Black Chalice. The name reeks of dying, depression and burdening, imposing matters. Black Chalice is the name belonging to an American one-man black/death/doom metal band, a band that I have been acquainted with for some time now.
With Submission Black Chalice are trying out a new approach with the album intro "Deluge", which features something very atypical for the band. Normally it's straight on and forward with chaotic, gritty guitars groaning under the stress of the player's hand, but Deluge is all about flowing acoustic guitars, thusly building an atmosphere not nearly as raw as on the prior demo material of Black Chalice. While the sound of Black Chalice hasn't changed much Hasson's approach to songwriting has changed a lot since the beginning back in 2011. On Submission he favours more melodic riffs and dredging speeds rather than the fast, unvaried drum-powered tremolo-riffs on the early demos. A change that I for one am happy to hear as it provides the music with a whole new level of detail to peak the listener's interest.
In context with the acoustic intro the last song on the demo, Submission, also starts out with simple acoustic playing that puts you into a false sense of comfort until it slowly fades into the raw guitar-dominated soundscape that I've come to link with Black Chalice. A thing that especially struck me on Submission is the accustomed use of layers that wasn't present on the earlier material. This is evident in all the tracks but in my eyes works best on the track Regret where weeping guitars provide a nice contrast to the groaning and coarse string-play of Patrick Hasson. Another thing that makes Submission stand out compared to Hasson's earlier releases is that the drums and rhythm section in general have been severely downplayed; Where monotonous drumming dominated the early demos, drowning out most of the other parts of the music, on this demo it's much easier to hear the details in Black Chalice's music.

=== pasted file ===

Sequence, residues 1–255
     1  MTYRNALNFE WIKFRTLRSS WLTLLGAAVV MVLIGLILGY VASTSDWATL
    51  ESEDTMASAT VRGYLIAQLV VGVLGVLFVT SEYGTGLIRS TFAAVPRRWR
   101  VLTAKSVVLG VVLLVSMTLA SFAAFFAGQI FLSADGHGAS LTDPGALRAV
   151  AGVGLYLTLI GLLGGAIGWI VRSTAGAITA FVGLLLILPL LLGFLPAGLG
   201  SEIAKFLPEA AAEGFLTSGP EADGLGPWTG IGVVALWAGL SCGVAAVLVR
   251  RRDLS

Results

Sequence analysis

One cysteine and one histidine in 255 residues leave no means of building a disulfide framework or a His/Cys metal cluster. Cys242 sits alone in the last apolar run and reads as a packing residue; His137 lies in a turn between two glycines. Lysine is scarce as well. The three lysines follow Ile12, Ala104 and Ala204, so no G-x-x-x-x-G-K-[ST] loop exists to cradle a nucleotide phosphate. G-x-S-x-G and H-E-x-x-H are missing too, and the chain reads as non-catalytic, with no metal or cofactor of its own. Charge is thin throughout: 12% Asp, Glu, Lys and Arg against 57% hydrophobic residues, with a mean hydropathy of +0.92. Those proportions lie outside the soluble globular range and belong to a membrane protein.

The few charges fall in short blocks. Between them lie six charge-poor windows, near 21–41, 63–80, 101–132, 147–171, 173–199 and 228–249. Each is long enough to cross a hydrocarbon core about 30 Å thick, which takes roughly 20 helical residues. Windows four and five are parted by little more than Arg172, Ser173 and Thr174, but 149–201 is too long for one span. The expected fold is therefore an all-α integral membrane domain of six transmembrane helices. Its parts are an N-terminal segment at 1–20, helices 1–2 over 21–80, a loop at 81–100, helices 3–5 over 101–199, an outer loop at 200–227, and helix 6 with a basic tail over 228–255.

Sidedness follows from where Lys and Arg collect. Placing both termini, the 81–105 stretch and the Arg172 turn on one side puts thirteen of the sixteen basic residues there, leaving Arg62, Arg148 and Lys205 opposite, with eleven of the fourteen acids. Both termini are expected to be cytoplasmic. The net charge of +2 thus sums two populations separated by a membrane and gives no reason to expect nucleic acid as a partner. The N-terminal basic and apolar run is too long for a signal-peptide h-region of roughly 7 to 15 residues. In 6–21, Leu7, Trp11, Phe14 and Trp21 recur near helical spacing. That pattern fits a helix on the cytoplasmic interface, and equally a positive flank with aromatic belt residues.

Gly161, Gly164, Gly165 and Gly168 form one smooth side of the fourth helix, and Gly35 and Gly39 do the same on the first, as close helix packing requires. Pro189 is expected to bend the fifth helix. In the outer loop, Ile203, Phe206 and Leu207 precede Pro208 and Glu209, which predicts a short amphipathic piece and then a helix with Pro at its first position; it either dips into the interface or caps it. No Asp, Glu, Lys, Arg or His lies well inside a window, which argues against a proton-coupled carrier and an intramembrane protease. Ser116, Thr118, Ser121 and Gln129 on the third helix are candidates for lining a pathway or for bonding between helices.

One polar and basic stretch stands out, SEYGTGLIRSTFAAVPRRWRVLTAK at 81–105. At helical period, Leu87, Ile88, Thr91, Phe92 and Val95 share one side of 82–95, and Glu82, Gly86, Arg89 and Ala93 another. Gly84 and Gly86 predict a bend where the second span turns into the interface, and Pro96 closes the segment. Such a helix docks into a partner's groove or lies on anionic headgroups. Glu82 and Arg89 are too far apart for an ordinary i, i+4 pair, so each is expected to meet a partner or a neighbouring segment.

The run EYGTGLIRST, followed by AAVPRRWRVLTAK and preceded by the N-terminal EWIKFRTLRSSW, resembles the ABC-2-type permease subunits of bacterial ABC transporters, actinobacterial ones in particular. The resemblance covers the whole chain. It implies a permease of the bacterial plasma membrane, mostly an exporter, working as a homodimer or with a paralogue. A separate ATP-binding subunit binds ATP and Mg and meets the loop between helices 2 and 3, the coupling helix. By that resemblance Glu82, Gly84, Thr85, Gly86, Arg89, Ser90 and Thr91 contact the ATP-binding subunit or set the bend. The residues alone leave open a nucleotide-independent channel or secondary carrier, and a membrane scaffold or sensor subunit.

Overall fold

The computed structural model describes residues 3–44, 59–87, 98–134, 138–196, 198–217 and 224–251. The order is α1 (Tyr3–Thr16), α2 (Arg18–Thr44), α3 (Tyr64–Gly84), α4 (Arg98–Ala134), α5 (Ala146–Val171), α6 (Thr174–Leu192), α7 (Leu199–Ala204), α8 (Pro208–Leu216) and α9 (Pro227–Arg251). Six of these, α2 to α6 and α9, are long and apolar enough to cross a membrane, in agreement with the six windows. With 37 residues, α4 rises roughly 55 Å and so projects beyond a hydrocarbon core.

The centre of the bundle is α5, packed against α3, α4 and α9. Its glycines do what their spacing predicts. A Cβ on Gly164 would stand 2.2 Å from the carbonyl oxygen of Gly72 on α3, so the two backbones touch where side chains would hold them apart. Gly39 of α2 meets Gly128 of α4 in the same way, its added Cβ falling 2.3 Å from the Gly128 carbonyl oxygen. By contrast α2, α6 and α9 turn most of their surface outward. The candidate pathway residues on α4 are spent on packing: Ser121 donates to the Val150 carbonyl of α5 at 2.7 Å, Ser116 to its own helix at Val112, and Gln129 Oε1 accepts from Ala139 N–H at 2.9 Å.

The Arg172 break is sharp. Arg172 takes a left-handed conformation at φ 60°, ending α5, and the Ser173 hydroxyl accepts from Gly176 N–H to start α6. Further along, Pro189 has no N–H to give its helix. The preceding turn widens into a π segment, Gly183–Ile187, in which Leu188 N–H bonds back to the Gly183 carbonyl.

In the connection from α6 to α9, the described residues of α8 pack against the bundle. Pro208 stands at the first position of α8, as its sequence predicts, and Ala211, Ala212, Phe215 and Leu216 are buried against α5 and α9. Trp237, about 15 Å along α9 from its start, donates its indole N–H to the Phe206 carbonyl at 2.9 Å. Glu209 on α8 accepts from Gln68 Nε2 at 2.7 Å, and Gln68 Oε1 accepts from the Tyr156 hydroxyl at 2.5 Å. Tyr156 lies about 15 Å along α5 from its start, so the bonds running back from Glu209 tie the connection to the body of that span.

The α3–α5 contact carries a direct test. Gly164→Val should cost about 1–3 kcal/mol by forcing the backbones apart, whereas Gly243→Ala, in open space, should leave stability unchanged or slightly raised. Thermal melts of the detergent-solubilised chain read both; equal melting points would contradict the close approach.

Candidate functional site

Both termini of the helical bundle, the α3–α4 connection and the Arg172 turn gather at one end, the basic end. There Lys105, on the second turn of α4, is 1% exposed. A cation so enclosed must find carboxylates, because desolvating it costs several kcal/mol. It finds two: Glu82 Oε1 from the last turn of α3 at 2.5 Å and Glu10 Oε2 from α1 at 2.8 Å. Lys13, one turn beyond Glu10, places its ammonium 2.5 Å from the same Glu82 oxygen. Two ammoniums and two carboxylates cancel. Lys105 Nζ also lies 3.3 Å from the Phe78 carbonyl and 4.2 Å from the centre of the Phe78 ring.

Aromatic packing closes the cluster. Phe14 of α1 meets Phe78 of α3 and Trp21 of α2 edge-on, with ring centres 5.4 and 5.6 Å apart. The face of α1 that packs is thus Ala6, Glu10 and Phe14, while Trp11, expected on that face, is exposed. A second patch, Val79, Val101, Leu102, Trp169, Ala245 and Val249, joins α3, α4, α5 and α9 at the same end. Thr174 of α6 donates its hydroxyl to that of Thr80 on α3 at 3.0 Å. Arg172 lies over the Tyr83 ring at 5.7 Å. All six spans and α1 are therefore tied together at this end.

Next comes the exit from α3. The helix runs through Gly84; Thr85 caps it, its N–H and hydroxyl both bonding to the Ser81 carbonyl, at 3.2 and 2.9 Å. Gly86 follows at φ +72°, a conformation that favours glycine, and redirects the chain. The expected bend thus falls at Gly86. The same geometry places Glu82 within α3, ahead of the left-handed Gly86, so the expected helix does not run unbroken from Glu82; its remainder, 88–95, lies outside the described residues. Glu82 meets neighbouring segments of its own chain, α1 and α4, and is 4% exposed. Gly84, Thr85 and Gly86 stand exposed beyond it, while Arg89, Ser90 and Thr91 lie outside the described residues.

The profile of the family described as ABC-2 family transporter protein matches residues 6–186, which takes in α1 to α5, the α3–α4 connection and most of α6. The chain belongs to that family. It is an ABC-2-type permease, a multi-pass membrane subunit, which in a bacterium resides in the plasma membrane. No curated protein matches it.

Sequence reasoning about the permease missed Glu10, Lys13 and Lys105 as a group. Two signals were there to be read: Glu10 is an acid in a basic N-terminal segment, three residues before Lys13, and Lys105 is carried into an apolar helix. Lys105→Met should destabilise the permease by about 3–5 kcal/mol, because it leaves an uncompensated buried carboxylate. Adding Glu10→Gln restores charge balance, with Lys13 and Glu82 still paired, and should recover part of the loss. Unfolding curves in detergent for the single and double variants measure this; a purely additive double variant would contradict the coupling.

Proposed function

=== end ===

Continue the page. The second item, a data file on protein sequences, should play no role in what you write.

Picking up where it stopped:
The music of Black Chalice could always be best described as "discordant" and "rough around the edges", and while the previous releases also seemed rather unrefined the same things go for Submission. But Hasson has found a more suiting focus for the band which makes the album a much more interesting and welcome experience than Years of Flame and Prayers for Our Lord and Saviour. Though all the releases are very organic in their sound and composition Submission is by far the least mechanical-sounding, and even though Hasson's chosen style of black- and death-infused doom metal mostly focusses on depressive themes and desolate soundscapes he has still found room for epic compositions and gloriously melodic parts.
Originally posted on http://gouls-crypt.blogspot.com/
This is a very good demo from a one man project from Portland, Maine and it works as a counterpart to Auspicium, the atmospheric black metal project of this dude named Patrick A. Hasson. I never heard this other band so I can't hardly make any comparaisons, but Submission has this raw production and this lugubre feeling, somewhat coming from these black metal roots. The themes and lyrics are quite personal and deals with depression issues, it's profound and quite good.